<span class='image-credits'>Julie Branaman</span>

Forward Pinellas launches crowdsourcing tool to get public input on bike/ped plan

Forward Pinellas is using crowdsourcing technology to increase public input on bicycle and pedestrian needs countywide.

The newly unveiled Bicycle Pedestrian Master Plan Data Viewer is an interactive mapping tool that allows the public to go online and tell where they bike and walk in the county and what improvements they want to see to bike-ped facilities. Forward Pinellas is taking feedback through the tool until May 20.

“We want to know what routes they are taking around the county, the facilities they are using and whether they are walking or riding,” says Jared Austin, a Forward Pinellas planner working on the project. “While doing that, we want to know what are the obstacles they face. These don’t have to be obstacles like construction. Maybe there’s a dangerous intersection that keeps them from completing the route they would like to ride or like to walk. We want to get a better idea where we can improve and log all of the comments they offer on moving forward with our bike-ped plan master plan.”

Forward Pinellas, the planning agency for countywide land use and transportation planning issues, will use the feedback to guide Advantage Pinellas: Active Transportation, the update of the agency’s master plan of bicycle and pedestrian facility priorities.

That update is part of the ongoing process to update the county’s overall long-range transportation plan looking out to the year 2045. With 63,000 new residents and 49,000 more jobs expected in the county by 2040, Forward Pinellas says the “more strategic investments in pedestrian and bicycle networks to serve a wide variety of trip purposes” are needed to accommodate growth in a largely built-out county.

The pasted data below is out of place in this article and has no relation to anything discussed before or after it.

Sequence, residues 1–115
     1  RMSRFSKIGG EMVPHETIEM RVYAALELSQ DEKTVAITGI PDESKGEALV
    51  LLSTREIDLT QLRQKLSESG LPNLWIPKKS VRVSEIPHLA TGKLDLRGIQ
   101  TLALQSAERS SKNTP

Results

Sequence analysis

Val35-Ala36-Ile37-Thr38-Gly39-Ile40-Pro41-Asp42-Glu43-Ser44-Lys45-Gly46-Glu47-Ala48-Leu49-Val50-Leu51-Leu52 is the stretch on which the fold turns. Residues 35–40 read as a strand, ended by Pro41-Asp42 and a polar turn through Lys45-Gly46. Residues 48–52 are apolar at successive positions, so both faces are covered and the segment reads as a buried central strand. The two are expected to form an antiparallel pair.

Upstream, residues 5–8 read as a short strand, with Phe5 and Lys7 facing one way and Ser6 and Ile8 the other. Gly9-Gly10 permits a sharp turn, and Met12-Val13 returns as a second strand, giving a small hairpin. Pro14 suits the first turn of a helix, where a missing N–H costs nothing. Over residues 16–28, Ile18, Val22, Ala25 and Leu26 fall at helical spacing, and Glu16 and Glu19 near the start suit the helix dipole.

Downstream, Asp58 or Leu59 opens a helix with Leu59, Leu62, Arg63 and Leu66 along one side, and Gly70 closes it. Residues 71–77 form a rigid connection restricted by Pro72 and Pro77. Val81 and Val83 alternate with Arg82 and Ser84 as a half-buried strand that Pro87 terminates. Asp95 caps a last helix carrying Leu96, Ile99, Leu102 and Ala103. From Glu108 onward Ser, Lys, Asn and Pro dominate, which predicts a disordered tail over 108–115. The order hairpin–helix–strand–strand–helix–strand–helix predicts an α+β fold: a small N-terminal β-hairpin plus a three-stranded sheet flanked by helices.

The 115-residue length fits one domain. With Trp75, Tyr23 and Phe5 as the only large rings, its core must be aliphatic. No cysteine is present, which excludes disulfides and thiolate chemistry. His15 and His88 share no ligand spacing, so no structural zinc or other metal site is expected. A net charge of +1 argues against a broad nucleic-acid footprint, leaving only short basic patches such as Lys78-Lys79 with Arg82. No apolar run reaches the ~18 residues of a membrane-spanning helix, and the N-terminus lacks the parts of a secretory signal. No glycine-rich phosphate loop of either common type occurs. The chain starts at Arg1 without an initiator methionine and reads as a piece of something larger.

The Forward Pinellas website includes a step-by-step tutorial on how to use the new interactive mapping tool. Austin says the agency did not have the crowdsourcing tool five years ago during the last update of the bicycle and pedestrian master plan. He says it is intended to add to, not replace, input given at public meetings on the current update.

“It allows us to get direct feedback from people while also catering to their schedule,” Austin says.

In 2016, the Hillsborough Metropolitan Planning Organization utilized interactive mapping to get public input on roadway safety concerns, including a lack of bicycle facilities or the unsafe pedestrian crossings, for its Vision Zero initiative.

For Forward Pinellas, Austin says it is a valuable way for planners to learn where the public’s priorities are.

“We are really trying to gauge where the public is when it comes to bicycle and pedestrian facilities around the county and the issues they are running into,” he says. “Is there something we are not incorporating in our priority list that seems to be a reoccurring theme among people using this tool when it comes to an area of high concern or high risk? It could be something we are not aware of or not putting enough emphasis on.”

Read more articles by Christopher Curry.

Chris Curry is a freelance writer living in Clearwater. Chris spent more than 15 years as a newspaper reporter, primarily in Ocala and Gainesville, before moving back home to the Tampa Bay Area. He enjoys our local music scene, great weather and the wealth of outdoor festivals.
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